The Arctic Sees Escalating Militarization
(Source: China Military Online; issued Dec 07, 2018)
Starting next year, Russia will require foreign military ships traveling through Russian Arctic sea route to give prior notification to relevant department of the Russian government, said Colonel General Mikhail Mizintsev, head of the National Defense Control Center of Russia’s Defense Ministry, on November 30, 2018.

Back in October, Russia deployed its first Tor-M2DT anti-aircraft missile battalion suitable for the Arctic region. The Tor-M2DT air defense missile system is especially designed to be used for climatic and topographical conditions of the Arctic, which has an impressive cross-country ability and can operate at temperatures down to minus 50 degrees Celsius.

The same month, the USS Harry S. Truman entered the Arctic Circle, becoming the first US Navy aircraft carrier to do so since 1991. It then reached Norway to join the NATO exercise Trident Juncture. This exercise was the largest military drill carried out by the NATO after the end of the Cold War, thus generating a strong deterrence effect.

The Arctic is becoming a “new battlefield” for strategic wrestling among Arctic countries, near-Arctic states, and major Arctic stakeholders. Those countries’ strategic competitions for Arctic resources and military security are increasingly escalating.

The Arctic is rich in strategic resources. The US Geological Survey has estimated that areas north of the Arctic Circle have 90 billion barrels of proven, technically recoverable oil, accounting for 13% of the world’s total unproven oil reserves, 1,669 trillion cubic meters of natural gas, accounting for 30% of the world’s total unproven natural gas reserves, and 44.1 billion barrels of liquefied natural gas (LNG), accounting for 20% of the world’s total unproven LNG.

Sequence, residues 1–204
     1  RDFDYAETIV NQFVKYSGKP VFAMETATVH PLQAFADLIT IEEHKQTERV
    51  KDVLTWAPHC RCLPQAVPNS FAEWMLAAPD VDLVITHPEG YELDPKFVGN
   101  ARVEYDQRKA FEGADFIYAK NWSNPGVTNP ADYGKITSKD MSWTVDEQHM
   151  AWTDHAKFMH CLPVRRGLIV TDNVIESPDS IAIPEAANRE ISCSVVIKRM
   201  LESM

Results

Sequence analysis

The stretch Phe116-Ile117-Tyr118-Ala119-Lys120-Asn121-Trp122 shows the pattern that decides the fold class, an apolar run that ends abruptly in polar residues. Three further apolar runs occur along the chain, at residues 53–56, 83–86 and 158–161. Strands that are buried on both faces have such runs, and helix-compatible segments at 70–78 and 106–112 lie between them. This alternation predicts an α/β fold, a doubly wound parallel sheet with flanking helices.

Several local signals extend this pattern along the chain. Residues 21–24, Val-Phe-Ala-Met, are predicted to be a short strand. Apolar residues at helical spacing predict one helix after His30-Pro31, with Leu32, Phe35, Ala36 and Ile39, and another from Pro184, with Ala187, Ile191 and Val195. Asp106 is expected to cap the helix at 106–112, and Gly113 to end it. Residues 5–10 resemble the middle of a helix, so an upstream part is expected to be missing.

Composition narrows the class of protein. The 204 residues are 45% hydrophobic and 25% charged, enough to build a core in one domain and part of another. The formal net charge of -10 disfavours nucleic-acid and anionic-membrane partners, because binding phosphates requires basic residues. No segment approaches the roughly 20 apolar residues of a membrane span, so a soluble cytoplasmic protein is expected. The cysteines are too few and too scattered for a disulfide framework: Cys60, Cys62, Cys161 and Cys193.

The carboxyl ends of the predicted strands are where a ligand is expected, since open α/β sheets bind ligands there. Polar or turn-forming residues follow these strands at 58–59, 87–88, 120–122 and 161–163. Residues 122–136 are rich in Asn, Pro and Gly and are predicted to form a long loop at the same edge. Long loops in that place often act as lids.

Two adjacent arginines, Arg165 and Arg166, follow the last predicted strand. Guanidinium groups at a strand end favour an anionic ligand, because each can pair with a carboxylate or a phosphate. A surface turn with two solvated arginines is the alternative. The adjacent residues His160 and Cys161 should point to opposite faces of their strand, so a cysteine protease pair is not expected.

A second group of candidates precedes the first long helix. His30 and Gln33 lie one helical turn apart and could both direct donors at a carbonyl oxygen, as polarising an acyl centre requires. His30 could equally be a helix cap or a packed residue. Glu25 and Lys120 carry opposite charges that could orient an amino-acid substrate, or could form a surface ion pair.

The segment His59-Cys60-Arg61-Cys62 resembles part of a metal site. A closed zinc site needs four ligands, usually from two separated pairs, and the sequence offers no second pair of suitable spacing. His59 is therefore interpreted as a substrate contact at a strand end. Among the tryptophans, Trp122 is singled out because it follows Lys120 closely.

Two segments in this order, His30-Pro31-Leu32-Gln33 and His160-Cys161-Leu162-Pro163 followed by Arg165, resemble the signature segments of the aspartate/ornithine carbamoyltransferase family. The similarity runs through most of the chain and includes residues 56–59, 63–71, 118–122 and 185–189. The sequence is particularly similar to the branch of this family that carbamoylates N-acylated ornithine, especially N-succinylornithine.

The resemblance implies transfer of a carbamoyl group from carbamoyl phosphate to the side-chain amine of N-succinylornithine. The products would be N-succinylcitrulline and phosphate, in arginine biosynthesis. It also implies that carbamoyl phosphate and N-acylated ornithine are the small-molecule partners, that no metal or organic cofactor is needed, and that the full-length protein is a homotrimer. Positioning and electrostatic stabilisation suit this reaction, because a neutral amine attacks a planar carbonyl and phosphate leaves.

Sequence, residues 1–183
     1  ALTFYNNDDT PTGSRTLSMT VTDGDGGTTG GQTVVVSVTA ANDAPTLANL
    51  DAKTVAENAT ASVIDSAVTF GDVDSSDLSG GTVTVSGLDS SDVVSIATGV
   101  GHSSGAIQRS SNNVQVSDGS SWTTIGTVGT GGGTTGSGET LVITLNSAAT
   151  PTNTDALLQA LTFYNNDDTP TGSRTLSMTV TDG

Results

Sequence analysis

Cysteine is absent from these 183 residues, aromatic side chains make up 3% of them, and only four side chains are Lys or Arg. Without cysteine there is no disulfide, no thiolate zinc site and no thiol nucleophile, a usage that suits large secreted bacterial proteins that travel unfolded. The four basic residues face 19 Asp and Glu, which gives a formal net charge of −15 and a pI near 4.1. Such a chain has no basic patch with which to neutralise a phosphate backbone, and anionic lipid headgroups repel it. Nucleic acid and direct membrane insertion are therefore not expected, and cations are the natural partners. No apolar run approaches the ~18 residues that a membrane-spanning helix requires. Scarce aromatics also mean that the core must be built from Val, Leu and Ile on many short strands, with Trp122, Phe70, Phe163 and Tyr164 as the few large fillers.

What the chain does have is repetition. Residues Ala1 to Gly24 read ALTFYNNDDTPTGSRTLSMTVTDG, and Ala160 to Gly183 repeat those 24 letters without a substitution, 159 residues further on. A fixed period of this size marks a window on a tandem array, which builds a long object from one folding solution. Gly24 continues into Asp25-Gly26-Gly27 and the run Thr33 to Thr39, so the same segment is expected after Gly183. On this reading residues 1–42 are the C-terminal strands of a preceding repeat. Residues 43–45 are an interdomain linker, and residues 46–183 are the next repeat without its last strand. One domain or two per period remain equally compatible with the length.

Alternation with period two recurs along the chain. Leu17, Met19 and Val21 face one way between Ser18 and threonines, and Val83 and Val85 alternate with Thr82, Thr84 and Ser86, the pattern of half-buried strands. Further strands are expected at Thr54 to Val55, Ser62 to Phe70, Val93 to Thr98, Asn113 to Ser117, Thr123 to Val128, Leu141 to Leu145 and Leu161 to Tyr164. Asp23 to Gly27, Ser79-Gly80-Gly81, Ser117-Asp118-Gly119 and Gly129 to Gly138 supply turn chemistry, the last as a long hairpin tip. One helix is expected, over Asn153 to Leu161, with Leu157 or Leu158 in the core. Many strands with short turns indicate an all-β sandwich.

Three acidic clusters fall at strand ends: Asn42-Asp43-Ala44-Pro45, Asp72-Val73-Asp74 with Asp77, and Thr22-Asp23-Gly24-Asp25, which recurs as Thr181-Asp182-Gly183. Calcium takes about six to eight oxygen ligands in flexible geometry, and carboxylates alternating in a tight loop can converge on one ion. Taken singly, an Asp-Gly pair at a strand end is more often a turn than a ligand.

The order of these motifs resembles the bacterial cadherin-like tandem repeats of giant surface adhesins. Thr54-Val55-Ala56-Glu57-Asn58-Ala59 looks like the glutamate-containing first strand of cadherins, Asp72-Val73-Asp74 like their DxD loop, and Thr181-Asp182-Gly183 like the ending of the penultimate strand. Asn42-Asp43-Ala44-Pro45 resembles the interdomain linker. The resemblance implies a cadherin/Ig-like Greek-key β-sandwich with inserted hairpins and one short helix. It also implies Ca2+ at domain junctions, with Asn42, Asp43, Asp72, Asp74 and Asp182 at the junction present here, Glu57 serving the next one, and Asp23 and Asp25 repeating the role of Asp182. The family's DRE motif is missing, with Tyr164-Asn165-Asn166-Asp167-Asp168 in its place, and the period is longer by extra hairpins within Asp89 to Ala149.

In terms of geographical location, the Arctic has great military and strategic importance. Due to its high latitudes and unblocked view, the region has a special value for strategic precaution. Theoretically, the distance from the Arctic to any point on the North Hemisphere is the shortest. Considering the strike capacity of current states with nuclear weapons, a missile launched from the Arctic Ocean can almost reach any place on the North Hemisphere, thus creating a very strong military deterrence.

In the eyes of many countries, the ice-melting trend of the Arctic and the development of modern weapons just present a good opportunity for them to reinforce their military presence in the region.

On one hand, any country controlling Arctic waterways can concentrate and deploy naval troops quickly to a designated place on the sea via those waterways; on the other hand, the Arctic Ocean is covered by ice and snow all year round, and its thick ice provides natural shelter for military weapons including strategic nuclear submarines.

For these reasons, many countries have strengthened their efforts to contend for control of the Arctic. Because of their geopolitical advantages, the eight countries around the Arctic become the main “players” in the strategic games. Competitions for interests and rights in the Arctic have resulted in an escalating militarization of the region.

As two major players in the geopolitical games in the Arctic, Russia and the United States have always been the leading forces that determine the direction of state-to-state relations in the region. In the past more than two decades, despite occasional conflicts, the two countries meticulously maintained a peaceful situation on the surface until the outbreak of the Ukraine crisis that broke the fragile balance between them. As the Trump administration’s energy policy becomes increasingly clear, the possibility that Russia and the United States may fall into conflicts in the Arctic continues growing.

Besides Russia and the United States, Canada is also a major power in the Arctic. Although it generally shows a “mild” attitude towards international affairs, Canada has always firmly defended its interests in issues concerning the Arctic region.